The remarkable race for a vaccine: An update on the COVID-19 vaccine approval and distribution process

John Young, M.D., MBA, CPE, FACHE
John Young, M.D., MBA, CPE, FACHE | Chief Medical Officer | HealthTrust

As we enter the holiday season, many states are seeing exponential increases in COVID-19 cases. In fact, many models are forecasting significant growth in cases through the end of the year.

Federal, state, and local governments are urging individuals to continue good hand hygiene, avoid touching your face, practice social distancing, wearing a mask appropriately and avoiding large indoor gatherings. This is particularly difficult during the holiday season when indoor family gatherings are a time honored tradition.

Despite the fact that vaccines often take a minimum of six years (or more) of research and testing before reaching the patient, there are multiple promising developments with the COVID-19 vaccine candidates.

Notably, two vaccines, from Pfizer and Moderna, have recently announced impressive results from Phase 3 clinical trials. Both vaccines have been submitted to the FDA for emergency use authorization.

The speed of this vaccine development is remarkable, but also raises safety and efficacy questions. Is it possible to accomplish in 11 months what normally takes 73 months (or more)? Did the accelerated process require clinicians and regulators to cut corners? Will the vaccine, once approved, be safe and effective?

Jason Braithwaite, PharmD, MS, BCPS | Senior Director, Clinical Pharmacy Services | HealthTrust

We believe the vaccine will be safe and in this video we answer questions and provide an overview on how the vaccine manufacturers, with the help of the federal government, have been able to move so quickly to the point where we are today.

The most important driver behind the race for a vaccine has been Operation Warp Speed (OWS). With resources from the federal government and the U.S. private sector, OWS has been working since January to accelerate the testing, supply, development and distribution of safe and effective vaccines, therapeutics and diagnostics against COVID-19. Specifically, OWS has set an ambitious goal to deliver 300 million doses of COVID-19 vaccine, with the first doses by January 2021.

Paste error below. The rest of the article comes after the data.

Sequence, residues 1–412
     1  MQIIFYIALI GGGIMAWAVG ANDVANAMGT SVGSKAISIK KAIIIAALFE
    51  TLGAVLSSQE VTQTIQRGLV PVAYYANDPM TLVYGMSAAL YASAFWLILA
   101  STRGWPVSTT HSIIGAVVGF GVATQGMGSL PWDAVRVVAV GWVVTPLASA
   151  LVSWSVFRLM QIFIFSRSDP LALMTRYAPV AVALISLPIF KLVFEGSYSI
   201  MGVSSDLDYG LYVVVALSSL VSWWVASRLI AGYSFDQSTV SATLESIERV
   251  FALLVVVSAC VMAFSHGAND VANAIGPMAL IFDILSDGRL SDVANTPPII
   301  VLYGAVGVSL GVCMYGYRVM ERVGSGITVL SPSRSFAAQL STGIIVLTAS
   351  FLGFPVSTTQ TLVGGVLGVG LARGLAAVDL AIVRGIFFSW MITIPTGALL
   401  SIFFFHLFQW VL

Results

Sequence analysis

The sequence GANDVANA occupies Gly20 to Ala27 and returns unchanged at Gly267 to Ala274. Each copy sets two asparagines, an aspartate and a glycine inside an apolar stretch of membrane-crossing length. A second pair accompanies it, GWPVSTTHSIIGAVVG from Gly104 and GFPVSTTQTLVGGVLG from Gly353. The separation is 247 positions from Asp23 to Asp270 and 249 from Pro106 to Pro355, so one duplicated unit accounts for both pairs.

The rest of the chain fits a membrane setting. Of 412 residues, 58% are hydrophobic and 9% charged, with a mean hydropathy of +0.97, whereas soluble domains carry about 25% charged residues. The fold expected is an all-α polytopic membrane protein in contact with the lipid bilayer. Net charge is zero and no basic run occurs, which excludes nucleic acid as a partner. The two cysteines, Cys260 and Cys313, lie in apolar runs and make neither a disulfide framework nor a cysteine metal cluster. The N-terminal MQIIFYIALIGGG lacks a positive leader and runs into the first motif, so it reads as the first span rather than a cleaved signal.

In the presentation, we discuss the different types of vaccines that are currently under investigation as well as some of the logistical challenges with vaccine delivery.

Specifically, we look at how OWS has been able to accelerate the vaccine approval process without compromising safety. All COVID-19 vaccines have had to undergo the same rigorous process for approval as any other vaccine – the same clinical trial phases, board review and FDA approvals.

Karen Bush, MSN, FNP, BC, NCRP
Karen Bush, MSN, FNP, BC, NCRP | Director, Clinical Research & Education | HealthTrust

However, the timeline has been compressed through the use of prior vaccine expertise, advancement in bioengineering technology, and government funding. Together, these factors enabled manufacturers to study the vaccines in parallel phases of testing and at the same time begin producing the vaccine with minimal monetary impact. In addition, the defense production act allowed manufacturing to be stood up immediately. As a result, delivery of the vaccine can be initiated as soon as it is approved.

Without cutting corners on safety, OWS has enabled the entire vaccine ecosystem to speedily advance development, testing and manufacturing of these vaccines. To learn more, you can download a PDF of the slides from the talk here.

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